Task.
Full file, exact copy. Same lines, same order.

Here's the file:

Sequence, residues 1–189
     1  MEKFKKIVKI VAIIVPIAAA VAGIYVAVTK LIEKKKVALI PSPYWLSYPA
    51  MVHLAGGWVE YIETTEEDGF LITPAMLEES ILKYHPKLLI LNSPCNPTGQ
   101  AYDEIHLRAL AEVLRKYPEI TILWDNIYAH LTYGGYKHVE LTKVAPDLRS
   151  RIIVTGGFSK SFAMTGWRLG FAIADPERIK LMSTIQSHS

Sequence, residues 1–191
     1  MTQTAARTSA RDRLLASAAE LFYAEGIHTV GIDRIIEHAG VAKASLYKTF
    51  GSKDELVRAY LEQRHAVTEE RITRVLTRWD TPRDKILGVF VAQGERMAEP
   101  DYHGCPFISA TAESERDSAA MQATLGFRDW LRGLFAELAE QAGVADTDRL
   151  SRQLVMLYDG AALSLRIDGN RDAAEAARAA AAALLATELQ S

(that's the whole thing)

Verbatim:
Sequence, residues 1–189
     1  MEKFKKIVKI VAIIVPIAAA VAGIYVAVTK LIEKKKVALI PSPYWLSYPA
    51  MVHLAGGWVE YIETTEEDGF LITPAMLEES ILKYHPKLLI LNSPCNPTGQ
   101  AYDEIHLRAL AEVLRKYPEI TILWDNIYAH LTYGGYKHVE LTKVAPDLRS
   151  RIIVTGGFSK SFAMTGWRLG FAIADPERIK LMSTIQSHS

Sequence, residues 1–191
     1  MTQTAARTSA RDRLLASAAE LFYAEGIHTV GIDRIIEHAG VAKASLYKTF
    51  GSKDELVRAY LEQRHAVTEE RITRVLTRWD TPRDKILGVF VAQGERMAEP
   101  DYHGCPFISA TAESERDSAA MQATLGFRDW LRGLFAELAE QAGVADTDRL
   151  SRQLVMLYDG AALSLRIDGN RDAAEAARAA AAALLATELQ S